Delaware's aquaculture program still under review

Army Corps reviewing public comments
March 27, 2015

Unsightly gear. Navigation problems. Less room for recreation.

These are just a few complaints some Inland Bays residents have raised in their opposition to Delaware's proposed commercial shellfish aquaculture program, and they hope the U.S. Army Corps of Engineers takes their concerns into consideration.

Cape Region residents living along Little Assawoman Bay and Beach Cove in Indian River Bay began protesting the state's proposed aquaculture program in the fall, taking issue with the Department of Natural Resources and Environmental Control's public process and site selection for aquaculture leasing areas.

Corps spokesman Richard Pearsall said the corps is reviewing more than 300 letters and emails received during a 30-day public comment period that ended Feb. 23. The corps has yet to decide whether it will hold a public hearing, he said, although one has been requested.

Delaware has proposed eight shellfish aquaculture development areas, or SADAs, within the Inland Bays. The corps is considering the program for a regional provision to a nationwide permit; if granted, the regional provision  would streamline and expedite individual leases.

Opponents have honed in on specific leasing areas in Little Assawoman Bay and Beach Cove in Indian River Bay. Delaware's aquaculture program has identified 442 one-acre plots in the Inland Bays, with 118 leasable acres in Little Assawoman, 115 acres in Indian River and 209 acres in Rehoboth Bay for the harvesting of American eastern oysters. The harvest of hard clams will be permitted only in Little Assawoman Bay.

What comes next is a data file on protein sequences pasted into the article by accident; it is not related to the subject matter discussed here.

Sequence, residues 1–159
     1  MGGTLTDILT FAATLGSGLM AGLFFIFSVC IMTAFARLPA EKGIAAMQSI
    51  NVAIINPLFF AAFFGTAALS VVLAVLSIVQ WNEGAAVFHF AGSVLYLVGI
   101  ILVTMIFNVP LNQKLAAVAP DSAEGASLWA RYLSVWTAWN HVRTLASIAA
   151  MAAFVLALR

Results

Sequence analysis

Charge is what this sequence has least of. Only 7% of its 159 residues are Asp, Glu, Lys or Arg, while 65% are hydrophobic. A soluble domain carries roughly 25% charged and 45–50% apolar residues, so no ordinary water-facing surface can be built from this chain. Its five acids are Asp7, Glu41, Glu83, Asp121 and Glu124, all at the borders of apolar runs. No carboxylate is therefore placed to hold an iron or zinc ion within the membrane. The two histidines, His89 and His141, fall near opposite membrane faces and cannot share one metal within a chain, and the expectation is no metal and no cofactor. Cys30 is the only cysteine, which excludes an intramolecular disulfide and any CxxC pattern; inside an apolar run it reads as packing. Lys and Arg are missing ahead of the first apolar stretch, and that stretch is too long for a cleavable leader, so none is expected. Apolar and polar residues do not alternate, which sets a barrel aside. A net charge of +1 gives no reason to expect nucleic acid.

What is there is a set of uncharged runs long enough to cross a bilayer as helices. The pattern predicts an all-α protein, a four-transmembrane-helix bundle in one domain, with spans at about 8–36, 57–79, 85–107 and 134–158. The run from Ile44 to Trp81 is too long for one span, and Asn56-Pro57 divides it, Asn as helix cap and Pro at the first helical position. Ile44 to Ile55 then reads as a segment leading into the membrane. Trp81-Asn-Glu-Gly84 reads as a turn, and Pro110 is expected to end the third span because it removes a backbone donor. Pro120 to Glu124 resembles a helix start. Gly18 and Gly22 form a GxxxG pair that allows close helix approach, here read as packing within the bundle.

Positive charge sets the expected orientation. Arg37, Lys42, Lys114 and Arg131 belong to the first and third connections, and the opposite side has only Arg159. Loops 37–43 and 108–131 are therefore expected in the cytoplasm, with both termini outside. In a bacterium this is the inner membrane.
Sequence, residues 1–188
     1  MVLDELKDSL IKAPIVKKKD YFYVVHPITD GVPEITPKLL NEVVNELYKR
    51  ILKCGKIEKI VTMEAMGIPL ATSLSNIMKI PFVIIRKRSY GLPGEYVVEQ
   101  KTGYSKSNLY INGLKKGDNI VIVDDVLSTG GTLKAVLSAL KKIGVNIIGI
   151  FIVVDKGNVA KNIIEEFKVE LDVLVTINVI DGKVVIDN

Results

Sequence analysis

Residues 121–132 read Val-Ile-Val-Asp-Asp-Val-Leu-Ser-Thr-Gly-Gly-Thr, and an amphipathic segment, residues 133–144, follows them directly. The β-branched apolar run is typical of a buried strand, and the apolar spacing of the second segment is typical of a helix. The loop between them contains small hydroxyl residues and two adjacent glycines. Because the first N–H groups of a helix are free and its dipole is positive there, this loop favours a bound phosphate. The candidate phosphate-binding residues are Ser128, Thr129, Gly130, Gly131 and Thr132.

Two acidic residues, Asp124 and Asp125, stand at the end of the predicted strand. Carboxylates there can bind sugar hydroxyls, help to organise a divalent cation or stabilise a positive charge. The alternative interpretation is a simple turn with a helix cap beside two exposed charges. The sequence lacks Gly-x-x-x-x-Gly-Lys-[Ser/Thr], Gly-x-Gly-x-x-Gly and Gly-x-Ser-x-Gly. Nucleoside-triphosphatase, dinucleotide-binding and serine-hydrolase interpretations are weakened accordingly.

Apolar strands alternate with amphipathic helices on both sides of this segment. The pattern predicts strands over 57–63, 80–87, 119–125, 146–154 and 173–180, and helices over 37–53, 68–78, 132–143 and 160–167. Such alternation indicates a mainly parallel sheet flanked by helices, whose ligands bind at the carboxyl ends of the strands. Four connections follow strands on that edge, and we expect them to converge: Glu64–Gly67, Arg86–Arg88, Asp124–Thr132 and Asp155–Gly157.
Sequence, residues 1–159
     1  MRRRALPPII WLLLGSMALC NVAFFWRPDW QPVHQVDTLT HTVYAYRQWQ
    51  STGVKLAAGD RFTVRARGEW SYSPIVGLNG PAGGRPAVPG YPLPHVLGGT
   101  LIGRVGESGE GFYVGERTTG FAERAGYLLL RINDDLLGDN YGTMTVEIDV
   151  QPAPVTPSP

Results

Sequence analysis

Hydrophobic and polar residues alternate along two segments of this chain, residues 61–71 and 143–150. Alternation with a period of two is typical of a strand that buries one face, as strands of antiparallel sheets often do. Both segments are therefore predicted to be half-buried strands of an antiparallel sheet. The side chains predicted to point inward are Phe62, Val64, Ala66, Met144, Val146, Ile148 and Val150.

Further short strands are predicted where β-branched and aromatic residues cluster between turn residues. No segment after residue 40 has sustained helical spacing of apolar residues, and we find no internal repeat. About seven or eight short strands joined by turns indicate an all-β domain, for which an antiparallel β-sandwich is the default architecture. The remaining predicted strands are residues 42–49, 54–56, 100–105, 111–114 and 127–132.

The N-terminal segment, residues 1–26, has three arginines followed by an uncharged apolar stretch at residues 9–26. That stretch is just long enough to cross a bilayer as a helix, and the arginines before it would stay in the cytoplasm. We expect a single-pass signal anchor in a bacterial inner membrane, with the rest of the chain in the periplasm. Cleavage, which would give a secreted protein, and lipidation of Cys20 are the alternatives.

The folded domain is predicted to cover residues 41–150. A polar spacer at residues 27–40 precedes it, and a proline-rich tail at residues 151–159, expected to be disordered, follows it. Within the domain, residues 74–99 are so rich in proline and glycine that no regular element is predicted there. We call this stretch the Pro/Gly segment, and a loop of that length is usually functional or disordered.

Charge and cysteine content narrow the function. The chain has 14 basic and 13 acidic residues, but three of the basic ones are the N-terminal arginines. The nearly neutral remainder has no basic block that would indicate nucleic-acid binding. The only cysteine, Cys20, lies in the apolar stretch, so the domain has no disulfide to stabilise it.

Residents say notice insufficient

Residents have argued DNREC failed to properly notify nearby homeowners of the specific lease sites, working hours and gear could cause disturbances, studies did not fully consider potential effects on navigation, and that commercial aquaculture – specifically in Little Assawoman Bay and Beach Cove – will destroy recreational opportunities for locals and tourists.

“Beach Cove is a modest Inland Bay on which, for generations, a substantial number of owners, visitors, renters and tourists rely for unencumbered recreational pursuits,” wrote Steve Plotkin, of Bethany Beach, in a letter to the corps. “Commercial aquaculture is inherently incompatible with prior recreational uses.”

Ocean View resident Steve Callanen agrees with Plotkin's sentiments, especially considering the dense residential population along the Inland Bays, he said.

Callanen submitted two letters to the corps – including a 20-page argument with photos and additional documents. In his letter, he argues local homeowners lacked representation on the Tiger Team, a group of stakeholders that helped develop Delaware's aquaculture program led by representatives from the Delaware Center for the Inland Bays.

“This highly flawed representation on the Tiger Team serves to discredit the entire shellfish aquaculture proposal process,” Callanen wrote. “As a matter of public fairness and equity, this blatant Tiger Team oversight needs to be recognized and cited as a primary reason for disallowing DNREC's shellfish aquaculture proposal.”

Oysters improve water quality

While some oppose aquaculture in the bays, others have already invested in equipment in anticipation of obtaining a lease.